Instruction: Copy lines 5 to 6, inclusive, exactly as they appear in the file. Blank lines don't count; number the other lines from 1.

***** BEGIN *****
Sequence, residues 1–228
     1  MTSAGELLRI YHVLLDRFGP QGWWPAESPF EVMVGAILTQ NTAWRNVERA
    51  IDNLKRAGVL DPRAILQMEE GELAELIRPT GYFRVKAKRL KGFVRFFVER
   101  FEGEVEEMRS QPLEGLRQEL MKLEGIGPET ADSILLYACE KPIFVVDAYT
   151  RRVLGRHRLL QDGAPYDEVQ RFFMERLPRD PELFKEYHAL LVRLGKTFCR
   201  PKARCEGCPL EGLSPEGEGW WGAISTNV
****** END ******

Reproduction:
   151  RRVLGRHRLL QDGAPYDEVQ RFFMERLPRD PELFKEYHAL LVRLGKTFCR
   201  PKARCEGCPL EGLSPEGEGW WGAISTNV